Spring hasn’t officially begun but the signs of the changing season have been sprouting up for weeks. With the garden abundant in aromatic herbs like Rosemary, Lavender, and Sage, what better than to make a few smudges to use and share! I burn these herb smudges while meditating or to cleanse a room to promote new energy for changing season and situations. Not to mention, just because it smells amazing. Smudge are typically made from plants like sage or cedar and prominent in Native American culture and traditions. I like to enjoy cedar-based smudges in the fall and winter and sage-based smudges in the spring and summer. They can be great to take camping, use on a chilly night, give as a holiday or hostess gift or cleanse a space.
These lovely aromatic Spring Smudges were created with bundled spring blooms from the overgrown garden. I planted each of these plants a few months apart around 2 years ago, with exception to the rosemary bushes which we planted when we moved in. Walter Anderson Nursery is our go to local garden center for herbs, edibles and native plants. They are always well stocked with seasonal favorites and are helpful in every aspect of landscaping and gardening. I also really love their e-mail newsletter! We let the plants fill in for a few years but now they are beginning to overtake the walkway. The roses came from one of my favorite local flower sources– Wholesale Flower Market. A true gem, I bought all my cut wedding flowers here. Most of these plants you can purchase at your local flower market, they will be abundant throughout spring. Here’s all the essentials and some tips to make your own:
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- String or twine
- Shells, Beads or Charms (optional)
You can use a single type or mixture of plants. I used cooking string for these smudges but you can use hemp or other safe to burn string. No plastic, synthetic or treated string.
Decide on the desired size and begin to divide the herbs evenly into their final combinations. It is best if they are an even width, so arrange the plants into condensed bundles. It can be hard to keep everything together when you’re tying and wrapping, so do your best to arrange them neatly. Squeeze them together slightly to release their essential oils and help bind them. To avoid molding, avoid wrapping a thick, large bundle of fresh plants and wrapping too tightly. Start at one end, tie a knot and begin wrapping in the style of your choice. I like to add a knot in the middle to have the choice to burn only half the smudge without the string unraveling.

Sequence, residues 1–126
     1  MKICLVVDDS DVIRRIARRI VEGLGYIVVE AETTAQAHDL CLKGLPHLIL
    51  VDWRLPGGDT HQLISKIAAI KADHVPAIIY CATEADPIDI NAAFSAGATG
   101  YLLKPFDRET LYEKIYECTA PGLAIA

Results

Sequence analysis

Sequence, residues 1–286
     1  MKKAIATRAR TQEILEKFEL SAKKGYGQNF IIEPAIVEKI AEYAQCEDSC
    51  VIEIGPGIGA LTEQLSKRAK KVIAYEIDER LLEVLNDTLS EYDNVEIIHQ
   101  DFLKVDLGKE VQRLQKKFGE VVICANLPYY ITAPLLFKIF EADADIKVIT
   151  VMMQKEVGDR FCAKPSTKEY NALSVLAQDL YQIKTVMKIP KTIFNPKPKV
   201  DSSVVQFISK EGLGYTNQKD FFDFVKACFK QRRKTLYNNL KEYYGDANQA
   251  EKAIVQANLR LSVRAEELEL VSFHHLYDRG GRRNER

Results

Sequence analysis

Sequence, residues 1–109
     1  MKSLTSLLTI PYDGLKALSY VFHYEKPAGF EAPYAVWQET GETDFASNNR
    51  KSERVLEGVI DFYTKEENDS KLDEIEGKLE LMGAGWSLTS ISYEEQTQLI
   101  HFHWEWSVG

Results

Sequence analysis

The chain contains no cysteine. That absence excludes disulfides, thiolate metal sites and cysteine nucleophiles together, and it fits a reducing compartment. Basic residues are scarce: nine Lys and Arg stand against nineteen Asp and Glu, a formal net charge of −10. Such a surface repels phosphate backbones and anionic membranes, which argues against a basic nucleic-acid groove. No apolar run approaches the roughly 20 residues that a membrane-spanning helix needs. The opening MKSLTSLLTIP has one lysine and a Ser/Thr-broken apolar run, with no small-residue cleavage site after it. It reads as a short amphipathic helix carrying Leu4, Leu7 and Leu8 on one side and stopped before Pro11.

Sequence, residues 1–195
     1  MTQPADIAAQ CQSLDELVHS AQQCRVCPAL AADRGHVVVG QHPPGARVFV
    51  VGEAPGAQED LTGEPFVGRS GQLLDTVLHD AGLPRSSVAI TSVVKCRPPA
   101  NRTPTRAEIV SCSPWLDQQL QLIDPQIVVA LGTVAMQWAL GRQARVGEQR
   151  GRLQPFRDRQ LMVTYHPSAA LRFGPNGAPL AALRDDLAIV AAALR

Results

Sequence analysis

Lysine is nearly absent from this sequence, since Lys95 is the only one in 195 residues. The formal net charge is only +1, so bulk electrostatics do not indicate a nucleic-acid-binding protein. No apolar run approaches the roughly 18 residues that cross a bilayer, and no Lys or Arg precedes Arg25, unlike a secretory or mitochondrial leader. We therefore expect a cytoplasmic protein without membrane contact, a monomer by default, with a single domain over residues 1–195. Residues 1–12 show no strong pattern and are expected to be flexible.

Once you’ve wrapped the whole smudge, finish the open end with a tight, close wrap. Tie a knot and leave a tail of sting to add shells or beads if you choose. Snip and trim any parts of the plant that escaped the string.
You can begin giving or enjoying these smudges right away. Place the fresh spring smudge on your bedside, in your car or any place you might enjoy a little aromatherapy. Allow the smudge to dry out completely before burning them– this time varies depending on the season and storage. I like to use a large Abalone shell as a safe place to burn my favorite smudge.
I put my spring smudge on my desk right next to my work zone and enjoyed a Beaming Cinnamon Almond Milk right before sunset and finishing up work for the day. (hooray for late sunsets and daylight savings time) Whatever your reason for making these spring smudges, I hope you enjoy the experience and and have lovely little bundles the give or enjoy!